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Voters' Attitudes Changing on Abortion?; Birth Control For Nuns?
Aired January 22, 2014 - 18:28 ET
THIS IS A RUSH TRANSCRIPT. THIS COPY MAY NOT BE IN ITS FINAL FORM AND MAY BE UPDATED.
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ANNOUNCER: Tonight on CROSSFIRE, one of the country's most explosive flashpoints--
UNIDENTIFIED FEMALE: The real war today is actually a war on motherhood.
ANNOUNCER: -- with no room for compromise.
UNIDENTIFIED MALE: We cannot allow the opponents of life to continually weaken the moral fabric of our country.
ANNOUNCER: Is the country changing? On the left, Sally Kohn. On the right, Newt Gingrich. In the CROSSFIRE, Ilyse Hogue, the president of NARAL Pro-Choice America and Lila Rose, the president of Live Action. What's changing in the national debate and with voters' attitudes? Tonight on CROSSFIRE.
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SALLY KOHN, GUEST CO-HOST: Welcome to CROSSFIRE. I'm Sally Kohn on the left.
NEWT GINGRICH, CO-HOST: I'm Newt Gingrich on the right. In the CROSSFIRE tonight, guests with very different views on the value of life.
Today in Washington, we saw thousands of people in a minus 4 wind chill standing to protest babies being killed. In their view, it's a moral issue that is literally life and death.
We've been having these marches since the Supreme Court decided Roe versus Wade 41 years ago. But here's what's different. New technologies now enable us to see that an unborn baby is a baby, not just a lot of tissue, and we now understand that unborn babies feel pain.
Faced with this technology, killing babies becomes harder and harder to defend, which is why 64 percent of Americans now oppose any abortion in the second trimester, and 80 percent oppose third- trimester abortions. And that's why the debate is changing.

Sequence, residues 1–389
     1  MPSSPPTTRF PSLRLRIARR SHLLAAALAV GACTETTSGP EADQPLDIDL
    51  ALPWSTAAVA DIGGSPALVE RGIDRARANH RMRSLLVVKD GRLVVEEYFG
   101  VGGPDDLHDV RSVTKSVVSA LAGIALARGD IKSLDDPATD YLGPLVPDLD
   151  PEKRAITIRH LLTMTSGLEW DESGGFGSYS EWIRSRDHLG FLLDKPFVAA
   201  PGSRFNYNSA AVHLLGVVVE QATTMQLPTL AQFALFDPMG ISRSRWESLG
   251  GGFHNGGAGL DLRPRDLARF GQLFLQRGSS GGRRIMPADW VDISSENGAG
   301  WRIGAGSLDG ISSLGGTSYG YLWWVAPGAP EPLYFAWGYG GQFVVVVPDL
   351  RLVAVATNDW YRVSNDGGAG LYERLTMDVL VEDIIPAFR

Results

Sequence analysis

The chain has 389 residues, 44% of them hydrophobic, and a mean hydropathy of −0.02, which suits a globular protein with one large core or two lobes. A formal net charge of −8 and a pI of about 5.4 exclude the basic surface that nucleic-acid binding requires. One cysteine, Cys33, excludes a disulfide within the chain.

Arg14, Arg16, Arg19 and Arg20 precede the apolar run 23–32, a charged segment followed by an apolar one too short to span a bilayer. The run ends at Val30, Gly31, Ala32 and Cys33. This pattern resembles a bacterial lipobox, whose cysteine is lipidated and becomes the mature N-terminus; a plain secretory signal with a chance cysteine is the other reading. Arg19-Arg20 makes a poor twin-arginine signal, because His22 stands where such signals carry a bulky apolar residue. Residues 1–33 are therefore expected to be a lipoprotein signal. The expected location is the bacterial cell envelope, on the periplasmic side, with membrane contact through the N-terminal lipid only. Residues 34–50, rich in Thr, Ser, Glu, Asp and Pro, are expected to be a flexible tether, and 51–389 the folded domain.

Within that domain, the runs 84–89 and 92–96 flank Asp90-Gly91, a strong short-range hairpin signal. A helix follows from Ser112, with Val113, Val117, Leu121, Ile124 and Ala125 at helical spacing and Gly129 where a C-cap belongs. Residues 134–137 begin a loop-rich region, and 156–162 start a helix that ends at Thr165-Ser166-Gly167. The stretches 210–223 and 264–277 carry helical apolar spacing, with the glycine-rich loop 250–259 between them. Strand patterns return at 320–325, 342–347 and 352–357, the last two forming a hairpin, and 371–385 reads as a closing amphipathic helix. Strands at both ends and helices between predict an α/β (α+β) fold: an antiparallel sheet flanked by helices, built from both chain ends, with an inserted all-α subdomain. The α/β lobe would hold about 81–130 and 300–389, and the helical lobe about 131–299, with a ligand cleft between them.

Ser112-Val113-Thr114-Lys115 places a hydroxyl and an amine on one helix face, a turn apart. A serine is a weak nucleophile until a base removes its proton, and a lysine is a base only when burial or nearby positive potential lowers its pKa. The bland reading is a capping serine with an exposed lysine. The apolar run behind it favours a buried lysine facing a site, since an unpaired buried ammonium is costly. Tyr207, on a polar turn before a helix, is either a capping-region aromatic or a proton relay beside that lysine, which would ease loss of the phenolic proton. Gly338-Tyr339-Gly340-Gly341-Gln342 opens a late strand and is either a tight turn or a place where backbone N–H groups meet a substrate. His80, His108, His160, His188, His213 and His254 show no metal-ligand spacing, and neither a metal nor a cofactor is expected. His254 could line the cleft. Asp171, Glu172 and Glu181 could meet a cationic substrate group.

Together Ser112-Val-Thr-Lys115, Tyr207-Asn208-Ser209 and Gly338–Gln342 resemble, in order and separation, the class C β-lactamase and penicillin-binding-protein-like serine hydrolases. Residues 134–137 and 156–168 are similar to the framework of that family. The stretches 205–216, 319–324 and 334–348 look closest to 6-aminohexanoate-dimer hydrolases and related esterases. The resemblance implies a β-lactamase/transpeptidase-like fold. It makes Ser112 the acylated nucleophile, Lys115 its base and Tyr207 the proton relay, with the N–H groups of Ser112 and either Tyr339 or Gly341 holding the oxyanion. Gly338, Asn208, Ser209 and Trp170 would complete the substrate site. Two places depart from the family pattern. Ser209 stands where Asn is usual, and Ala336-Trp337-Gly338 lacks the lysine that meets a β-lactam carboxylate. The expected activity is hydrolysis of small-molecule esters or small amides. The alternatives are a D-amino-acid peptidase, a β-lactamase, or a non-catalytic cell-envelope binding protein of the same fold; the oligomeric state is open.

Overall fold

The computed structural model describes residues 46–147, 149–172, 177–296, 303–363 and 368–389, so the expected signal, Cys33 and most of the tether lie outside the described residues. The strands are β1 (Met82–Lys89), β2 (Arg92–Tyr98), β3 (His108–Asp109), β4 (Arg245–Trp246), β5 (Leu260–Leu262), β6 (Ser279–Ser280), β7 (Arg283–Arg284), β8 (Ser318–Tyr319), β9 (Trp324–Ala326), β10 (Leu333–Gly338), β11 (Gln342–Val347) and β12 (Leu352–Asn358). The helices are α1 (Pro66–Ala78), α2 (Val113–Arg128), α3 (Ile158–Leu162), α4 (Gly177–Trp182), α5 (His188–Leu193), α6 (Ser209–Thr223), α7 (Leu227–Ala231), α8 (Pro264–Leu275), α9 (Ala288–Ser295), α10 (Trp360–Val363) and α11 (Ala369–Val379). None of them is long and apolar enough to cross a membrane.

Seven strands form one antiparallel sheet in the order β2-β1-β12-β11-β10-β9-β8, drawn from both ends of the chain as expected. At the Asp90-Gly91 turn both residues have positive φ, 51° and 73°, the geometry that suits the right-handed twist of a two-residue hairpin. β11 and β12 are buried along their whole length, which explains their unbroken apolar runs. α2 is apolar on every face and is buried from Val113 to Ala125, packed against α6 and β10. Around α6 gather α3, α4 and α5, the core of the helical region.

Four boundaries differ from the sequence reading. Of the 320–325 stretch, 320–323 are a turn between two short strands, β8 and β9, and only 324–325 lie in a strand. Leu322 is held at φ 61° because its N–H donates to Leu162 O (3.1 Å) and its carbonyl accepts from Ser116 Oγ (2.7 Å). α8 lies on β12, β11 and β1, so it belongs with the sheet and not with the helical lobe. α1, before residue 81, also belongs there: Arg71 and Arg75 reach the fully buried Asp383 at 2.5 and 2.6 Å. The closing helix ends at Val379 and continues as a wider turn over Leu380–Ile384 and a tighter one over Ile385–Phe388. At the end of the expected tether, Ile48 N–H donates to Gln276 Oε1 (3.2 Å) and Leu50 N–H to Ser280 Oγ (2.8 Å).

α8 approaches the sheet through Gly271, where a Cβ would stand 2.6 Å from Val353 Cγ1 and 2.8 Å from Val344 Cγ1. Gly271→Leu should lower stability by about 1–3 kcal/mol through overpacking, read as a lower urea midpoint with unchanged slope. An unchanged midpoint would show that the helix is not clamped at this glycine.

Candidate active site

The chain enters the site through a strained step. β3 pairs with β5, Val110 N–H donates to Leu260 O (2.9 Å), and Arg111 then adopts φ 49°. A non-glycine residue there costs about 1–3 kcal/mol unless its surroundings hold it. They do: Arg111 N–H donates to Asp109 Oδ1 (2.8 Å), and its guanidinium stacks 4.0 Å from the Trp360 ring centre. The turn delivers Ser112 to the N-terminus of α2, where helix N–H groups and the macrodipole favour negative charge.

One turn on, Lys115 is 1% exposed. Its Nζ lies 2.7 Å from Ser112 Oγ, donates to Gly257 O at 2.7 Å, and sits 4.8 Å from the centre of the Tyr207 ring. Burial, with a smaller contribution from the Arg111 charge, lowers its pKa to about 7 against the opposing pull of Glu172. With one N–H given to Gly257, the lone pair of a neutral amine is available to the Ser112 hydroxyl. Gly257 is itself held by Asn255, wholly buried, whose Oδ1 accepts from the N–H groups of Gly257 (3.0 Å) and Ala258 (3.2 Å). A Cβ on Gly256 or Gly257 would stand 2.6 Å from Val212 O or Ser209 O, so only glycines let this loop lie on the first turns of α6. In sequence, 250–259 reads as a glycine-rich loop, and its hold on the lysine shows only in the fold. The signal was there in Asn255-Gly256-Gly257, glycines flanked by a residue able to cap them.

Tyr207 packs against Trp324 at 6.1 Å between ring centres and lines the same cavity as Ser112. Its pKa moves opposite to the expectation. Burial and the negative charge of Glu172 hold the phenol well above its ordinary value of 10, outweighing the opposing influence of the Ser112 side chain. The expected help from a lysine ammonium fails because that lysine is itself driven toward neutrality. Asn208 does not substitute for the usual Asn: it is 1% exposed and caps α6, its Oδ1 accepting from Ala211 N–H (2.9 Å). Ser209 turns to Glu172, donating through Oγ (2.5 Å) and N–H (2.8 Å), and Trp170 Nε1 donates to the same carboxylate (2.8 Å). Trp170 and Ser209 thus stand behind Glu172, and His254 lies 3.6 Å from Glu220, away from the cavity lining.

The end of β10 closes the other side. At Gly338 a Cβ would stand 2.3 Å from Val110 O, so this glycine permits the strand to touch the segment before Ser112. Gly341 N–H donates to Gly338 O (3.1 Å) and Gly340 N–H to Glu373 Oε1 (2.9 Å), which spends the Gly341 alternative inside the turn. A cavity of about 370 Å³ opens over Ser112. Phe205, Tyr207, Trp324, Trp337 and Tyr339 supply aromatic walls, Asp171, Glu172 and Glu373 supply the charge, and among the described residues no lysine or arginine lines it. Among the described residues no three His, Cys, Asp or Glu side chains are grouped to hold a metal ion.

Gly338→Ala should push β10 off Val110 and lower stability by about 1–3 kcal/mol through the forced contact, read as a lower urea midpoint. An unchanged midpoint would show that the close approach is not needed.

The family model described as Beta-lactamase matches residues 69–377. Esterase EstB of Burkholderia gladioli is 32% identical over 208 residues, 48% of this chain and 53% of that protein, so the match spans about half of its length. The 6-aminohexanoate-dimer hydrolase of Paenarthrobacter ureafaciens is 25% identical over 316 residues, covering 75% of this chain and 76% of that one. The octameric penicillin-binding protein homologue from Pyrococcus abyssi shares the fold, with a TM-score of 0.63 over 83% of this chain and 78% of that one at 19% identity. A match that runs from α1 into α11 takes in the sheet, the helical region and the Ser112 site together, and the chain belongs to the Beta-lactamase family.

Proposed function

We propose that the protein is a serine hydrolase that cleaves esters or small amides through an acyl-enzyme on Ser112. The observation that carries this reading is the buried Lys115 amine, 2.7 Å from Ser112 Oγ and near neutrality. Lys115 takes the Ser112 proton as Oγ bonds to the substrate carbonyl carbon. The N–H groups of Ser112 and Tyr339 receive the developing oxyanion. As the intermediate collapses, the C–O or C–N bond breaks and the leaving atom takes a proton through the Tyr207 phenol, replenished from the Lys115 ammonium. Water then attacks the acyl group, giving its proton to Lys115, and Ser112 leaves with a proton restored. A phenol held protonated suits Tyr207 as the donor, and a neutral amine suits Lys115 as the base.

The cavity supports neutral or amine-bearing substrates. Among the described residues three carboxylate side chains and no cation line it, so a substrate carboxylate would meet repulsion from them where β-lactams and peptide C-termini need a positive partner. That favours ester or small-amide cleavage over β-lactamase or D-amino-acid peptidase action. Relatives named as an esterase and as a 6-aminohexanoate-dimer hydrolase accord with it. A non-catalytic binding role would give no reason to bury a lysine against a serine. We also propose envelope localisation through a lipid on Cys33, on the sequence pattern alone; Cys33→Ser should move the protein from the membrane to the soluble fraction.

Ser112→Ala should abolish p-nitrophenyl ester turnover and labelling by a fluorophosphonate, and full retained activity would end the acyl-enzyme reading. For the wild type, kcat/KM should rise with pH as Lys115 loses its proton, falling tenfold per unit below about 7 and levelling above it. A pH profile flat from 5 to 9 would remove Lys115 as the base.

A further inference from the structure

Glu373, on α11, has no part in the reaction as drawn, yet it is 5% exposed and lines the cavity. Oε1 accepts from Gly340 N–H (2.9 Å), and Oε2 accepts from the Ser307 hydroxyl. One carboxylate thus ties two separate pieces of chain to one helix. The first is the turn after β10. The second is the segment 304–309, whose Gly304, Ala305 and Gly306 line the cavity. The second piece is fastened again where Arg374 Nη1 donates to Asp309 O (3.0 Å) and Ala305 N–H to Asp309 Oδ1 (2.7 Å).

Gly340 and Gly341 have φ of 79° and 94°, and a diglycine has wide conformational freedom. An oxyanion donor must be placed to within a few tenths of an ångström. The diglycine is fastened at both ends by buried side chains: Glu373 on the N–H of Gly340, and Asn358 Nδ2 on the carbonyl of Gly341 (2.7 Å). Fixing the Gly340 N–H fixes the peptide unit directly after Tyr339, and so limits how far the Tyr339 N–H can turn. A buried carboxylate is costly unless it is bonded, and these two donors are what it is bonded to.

KOHN: But, you know, here's the other issue you're missing in that introduction, Newt, which is this isn't about personal views on abortion. I respect your views. The difference is, my views don't infringe on your views. Whereas your position literally restricts my choices and my rights.
In the CROSSFIRE tonight, Ilyse Hogue, the president of NARAL Pro- Choice America. And Lila Rose, president of Live Action, an anti- abortion group.
Lila, just last year, 22 states enacted stricter abortion laws and we're seeing because of those laws in places like Texas, more and more women are choosing to self-abort. They're turning to self-abort as a resort, because there is no more access to safe and legal abortion in the state or limited.
Don't you feel that your positions, your extreme positions are just forcing women toward these more dangerous options?
LILA ROSE, PRESIDENT, LIVE ACTION: I think that we should dare to have a better view for America and our women by saying we shouldn't believe and have to think that women need abortion and that we have to kill our children to achieve the dreams and the careers and the families that we want. I think we can do better than that as a society. I think women deserve better.
I think we should fight at the community level for programs that are positive that help women if they're single mothers. We should improve the foster care system. We should improve the adoption system so that we can welcome children to this country instead of seeing them as a threat and killing them by the thousands each day.